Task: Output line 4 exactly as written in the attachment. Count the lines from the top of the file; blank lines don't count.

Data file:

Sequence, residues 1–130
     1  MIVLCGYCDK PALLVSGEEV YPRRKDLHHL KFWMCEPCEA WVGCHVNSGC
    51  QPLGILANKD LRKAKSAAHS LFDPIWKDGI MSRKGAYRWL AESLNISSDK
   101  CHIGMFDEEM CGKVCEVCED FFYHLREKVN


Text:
   101  CHIGMFDEEM CGKVCEVCED FFYHLREKVN